The proposed project is a pilot clinical trial investigating a potential treatment for hippocampal
sclerosis of aging (HS-Aging). A major subtype of “Alzheimer's disease and related dementia” (ADRD),
HS-Aging affects 10-25% of all elderly individuals. HS-Aging is typically misdiagnosed as Probable AD
or AD-type dementia in the clinical setting. Unfortunately, there currently is no validated biomarker to
diagnose HS-Aging during life, and there is no known therapy.
We will test the safety and efficacy of nicorandil for HS-Aging, based on our prior work elucidating
a pharmacologically targetable mechanism underlying the disease. Nicorandil is a vasorelaxant drug,
used clinically to treat chronic heart failure in the elderly population. Pharmacologically, Nicorandil is
an agonist for a protein (SUR2) that is encoded by a gene that we found to be linked to HS-Aging risk.
Primary specific aims follow:
Specific Aim #1: Evaluate safety and neurodegenerative biomarkers linked to HS-Aging
pathology in nicorandil vs. placebo treated subjects by:
a. Conducting a double-blind, randomized, placebo-controlled, clinical trial of nicorandil in 62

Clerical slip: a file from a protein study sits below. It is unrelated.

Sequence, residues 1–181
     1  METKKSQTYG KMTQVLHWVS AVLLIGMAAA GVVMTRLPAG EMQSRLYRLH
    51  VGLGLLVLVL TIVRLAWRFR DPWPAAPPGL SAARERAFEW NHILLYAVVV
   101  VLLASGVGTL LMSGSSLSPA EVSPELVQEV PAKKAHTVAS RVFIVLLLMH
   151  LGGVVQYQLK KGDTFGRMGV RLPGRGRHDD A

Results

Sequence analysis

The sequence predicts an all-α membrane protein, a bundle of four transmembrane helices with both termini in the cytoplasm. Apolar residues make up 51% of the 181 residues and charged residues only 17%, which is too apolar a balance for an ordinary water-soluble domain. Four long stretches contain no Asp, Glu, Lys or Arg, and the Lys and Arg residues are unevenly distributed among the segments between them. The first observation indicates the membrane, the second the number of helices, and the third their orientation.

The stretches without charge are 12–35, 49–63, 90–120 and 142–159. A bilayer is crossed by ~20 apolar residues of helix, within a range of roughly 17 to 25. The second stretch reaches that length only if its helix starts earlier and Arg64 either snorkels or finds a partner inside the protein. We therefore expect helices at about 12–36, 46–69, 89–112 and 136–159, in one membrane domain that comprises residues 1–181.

participants (both sexes, >75 years old, CDR 0.5 or 1, with HS-Aging profile in CSF and MRI
biomarkers [amyloid and phospho-tau negative, with evidence for hippocampal atrophy; A-/T-/N+])
over a 96-week treatment period; b. Evaluating the safety of nicorandil administration in the elderly at
risk for HS-aging (this is the primary outcome measure) that will inform future trial design; and, c.
Measuring structural MRI (3D-T1; hippocampal atrophy is the main efficacy outcome measure),
cognitive tests, and CSF levels of nicorandil, tau, phospho-tau, and Aß(1-42) at baseline and week 96.
Specific Aim #2: Optimize and further explore HS-Aging biomarkers by:
a. Refining MR imaging analysis (including hippocampal volumetric assays, arterial spin labeling
(ASL), diffusion tensor imaging (DTI), magnetic resonance spectroscopy (MRS) techniques that may
distinguish participants with probable HS-Aging from those with positive AD biomarkers; b. Performing
proteomic discovery analysis in CSF to identify and evaluate potential HS-Aging biomarkers to
complement the A/T/N framework utilizing our prospective cohort with Aß(1-42), phospho-tau, and
neurodegeneration markers and MR imaging as a control cohort for AD. This specific aim will directly
test and enhance the clinical utility of the A/T/N framework for diagnosis of degenerative disease state;
and, c. Following our published and replicated neurocognitive testing marker that is associated with
HS-Aging pathology, we will optimize the clinical and neurocognitive criteria for disease diagnosis
based on the prospects of a relatively long-running (96 week) early-phase clinical trial.